Could probiotics reverse food allergies?

Could probiotics reverse food allergies?

Promising data from a study of the gut bacteria of infants.

Probiotics may actually reverse certain food allergies, according to research from the University of Chicago Medical Center.

The transformation occurred in the bellies of infants who had been allergic to cow’s milk. After being treated with a probiotic formula, the microbiome in their tiny guts actually changed and they developed a tolerance to milk, according to a university release. The discovery of bacteria that could drive tolerance to certain foods could be crucial to developing new treatments to help kids with food allergies.

Approximately 6 million children in the U.S. have food allergies, according to the Asthma and Allergy Foundation of America. According to a study released in 2013 by the Centers for Disease Control and Prevention, food allergies among children increased approximately 50 percent between 1997 and 2011.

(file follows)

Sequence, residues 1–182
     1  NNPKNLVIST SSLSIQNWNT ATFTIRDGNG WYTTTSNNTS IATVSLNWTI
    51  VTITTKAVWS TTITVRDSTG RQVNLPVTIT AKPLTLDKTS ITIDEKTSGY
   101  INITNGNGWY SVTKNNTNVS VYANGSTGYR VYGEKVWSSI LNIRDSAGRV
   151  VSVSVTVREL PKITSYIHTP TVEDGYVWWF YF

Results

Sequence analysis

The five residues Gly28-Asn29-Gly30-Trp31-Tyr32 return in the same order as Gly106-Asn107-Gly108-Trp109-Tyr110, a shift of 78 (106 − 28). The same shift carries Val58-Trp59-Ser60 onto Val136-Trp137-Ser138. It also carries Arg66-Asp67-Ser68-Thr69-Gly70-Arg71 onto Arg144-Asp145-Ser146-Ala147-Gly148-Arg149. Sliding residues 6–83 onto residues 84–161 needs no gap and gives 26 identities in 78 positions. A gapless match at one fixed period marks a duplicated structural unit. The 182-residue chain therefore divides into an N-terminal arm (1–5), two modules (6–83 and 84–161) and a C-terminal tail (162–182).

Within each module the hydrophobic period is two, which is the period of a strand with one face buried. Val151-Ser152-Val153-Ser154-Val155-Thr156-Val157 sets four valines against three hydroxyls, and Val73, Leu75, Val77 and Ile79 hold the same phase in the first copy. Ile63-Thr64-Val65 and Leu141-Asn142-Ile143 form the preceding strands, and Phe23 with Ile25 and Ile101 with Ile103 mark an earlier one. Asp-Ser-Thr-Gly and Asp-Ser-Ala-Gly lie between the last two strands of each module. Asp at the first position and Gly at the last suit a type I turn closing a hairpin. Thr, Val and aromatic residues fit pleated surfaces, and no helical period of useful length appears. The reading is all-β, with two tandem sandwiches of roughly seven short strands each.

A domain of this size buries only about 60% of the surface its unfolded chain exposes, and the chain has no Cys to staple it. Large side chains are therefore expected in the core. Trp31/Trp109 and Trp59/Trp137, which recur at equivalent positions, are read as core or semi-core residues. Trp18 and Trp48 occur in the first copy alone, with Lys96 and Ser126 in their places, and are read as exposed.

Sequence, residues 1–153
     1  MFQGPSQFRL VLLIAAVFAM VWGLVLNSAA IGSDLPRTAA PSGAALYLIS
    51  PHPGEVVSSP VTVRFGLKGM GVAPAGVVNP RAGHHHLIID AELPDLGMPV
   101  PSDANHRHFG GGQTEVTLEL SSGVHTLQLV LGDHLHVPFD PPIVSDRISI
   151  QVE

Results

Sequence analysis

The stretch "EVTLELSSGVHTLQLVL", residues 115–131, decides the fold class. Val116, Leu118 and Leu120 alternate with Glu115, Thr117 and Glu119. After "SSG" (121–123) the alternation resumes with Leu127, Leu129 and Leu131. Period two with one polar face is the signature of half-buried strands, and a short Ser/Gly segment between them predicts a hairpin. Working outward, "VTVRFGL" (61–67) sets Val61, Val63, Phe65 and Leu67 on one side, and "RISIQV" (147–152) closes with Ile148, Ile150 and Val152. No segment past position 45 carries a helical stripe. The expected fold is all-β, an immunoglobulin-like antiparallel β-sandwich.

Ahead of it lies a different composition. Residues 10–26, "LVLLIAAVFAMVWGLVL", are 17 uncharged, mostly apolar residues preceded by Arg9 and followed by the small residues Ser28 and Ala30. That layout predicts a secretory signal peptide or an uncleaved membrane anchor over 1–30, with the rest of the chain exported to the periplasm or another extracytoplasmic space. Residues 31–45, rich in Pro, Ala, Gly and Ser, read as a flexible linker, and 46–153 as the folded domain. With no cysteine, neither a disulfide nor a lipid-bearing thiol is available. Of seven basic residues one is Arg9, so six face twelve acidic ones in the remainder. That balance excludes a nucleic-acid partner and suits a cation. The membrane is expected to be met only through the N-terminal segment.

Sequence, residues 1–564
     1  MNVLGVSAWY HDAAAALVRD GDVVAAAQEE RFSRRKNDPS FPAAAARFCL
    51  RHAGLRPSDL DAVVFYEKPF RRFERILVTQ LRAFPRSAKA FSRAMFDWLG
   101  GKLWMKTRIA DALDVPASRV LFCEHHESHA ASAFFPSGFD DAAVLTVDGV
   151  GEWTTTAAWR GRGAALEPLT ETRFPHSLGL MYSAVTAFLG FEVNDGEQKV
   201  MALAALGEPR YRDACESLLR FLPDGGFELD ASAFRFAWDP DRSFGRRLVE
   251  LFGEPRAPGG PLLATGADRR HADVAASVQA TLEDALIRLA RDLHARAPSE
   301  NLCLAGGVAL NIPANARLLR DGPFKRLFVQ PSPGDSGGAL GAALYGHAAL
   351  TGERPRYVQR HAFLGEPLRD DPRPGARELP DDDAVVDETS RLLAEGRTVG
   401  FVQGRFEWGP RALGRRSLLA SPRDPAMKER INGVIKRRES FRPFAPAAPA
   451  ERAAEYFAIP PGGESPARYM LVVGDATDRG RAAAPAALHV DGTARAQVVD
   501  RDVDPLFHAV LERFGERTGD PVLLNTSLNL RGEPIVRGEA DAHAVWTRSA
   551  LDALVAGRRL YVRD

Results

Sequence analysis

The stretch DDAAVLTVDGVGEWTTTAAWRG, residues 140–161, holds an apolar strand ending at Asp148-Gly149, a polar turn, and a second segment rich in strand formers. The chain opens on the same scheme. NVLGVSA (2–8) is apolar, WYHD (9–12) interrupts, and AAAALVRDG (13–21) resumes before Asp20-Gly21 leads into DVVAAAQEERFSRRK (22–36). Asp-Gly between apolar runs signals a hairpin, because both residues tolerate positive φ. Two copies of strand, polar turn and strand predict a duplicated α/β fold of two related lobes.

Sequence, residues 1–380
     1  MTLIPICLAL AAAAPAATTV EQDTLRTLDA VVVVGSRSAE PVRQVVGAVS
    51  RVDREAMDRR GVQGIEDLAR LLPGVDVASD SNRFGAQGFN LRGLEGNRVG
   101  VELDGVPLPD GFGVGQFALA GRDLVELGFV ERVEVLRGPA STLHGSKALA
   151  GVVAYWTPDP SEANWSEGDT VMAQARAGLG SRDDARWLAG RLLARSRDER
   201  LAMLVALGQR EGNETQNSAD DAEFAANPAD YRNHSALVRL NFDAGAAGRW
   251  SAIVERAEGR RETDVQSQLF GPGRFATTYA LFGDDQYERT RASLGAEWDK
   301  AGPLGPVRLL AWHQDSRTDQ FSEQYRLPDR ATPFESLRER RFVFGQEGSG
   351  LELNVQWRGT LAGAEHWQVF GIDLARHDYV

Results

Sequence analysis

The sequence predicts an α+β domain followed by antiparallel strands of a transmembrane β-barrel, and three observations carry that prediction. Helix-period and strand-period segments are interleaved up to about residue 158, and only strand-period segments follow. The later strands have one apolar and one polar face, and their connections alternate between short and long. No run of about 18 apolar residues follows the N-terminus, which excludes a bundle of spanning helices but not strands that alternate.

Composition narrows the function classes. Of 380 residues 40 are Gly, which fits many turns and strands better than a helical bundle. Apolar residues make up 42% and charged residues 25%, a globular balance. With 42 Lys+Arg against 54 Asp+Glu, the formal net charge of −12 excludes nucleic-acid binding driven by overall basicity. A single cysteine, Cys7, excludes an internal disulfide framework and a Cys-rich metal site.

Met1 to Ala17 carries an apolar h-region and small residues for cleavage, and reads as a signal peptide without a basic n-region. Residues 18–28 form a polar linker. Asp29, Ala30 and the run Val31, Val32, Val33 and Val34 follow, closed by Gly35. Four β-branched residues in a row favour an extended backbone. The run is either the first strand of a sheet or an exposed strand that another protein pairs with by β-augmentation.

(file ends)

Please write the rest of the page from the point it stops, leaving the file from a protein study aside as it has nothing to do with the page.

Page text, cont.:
"The ability to identify bacterial strains that could be used as novel therapeutics for treating food allergies is a fundamental advance," Jack Gilbert, PhD, associate professor in the Department of Ecology & Evolution at the University of Chicago, group leader for microbial ecology at Argonne National Laboratory and co-author of the study, said in the release. "Translating these findings into clinical treatments is our next goal.”

The research was published in the ISME Journal by scientists from the University of Chicago, Argonne National Laboratory and the University of Naples Federico II in Italy. Sciencedaily.com noted the results.

Research suggests that probiotics may help infants fight allergies even before birth. A University of Miami meta-analysis linked probiotics taken by mothers to a lower risk of allergies among infants.

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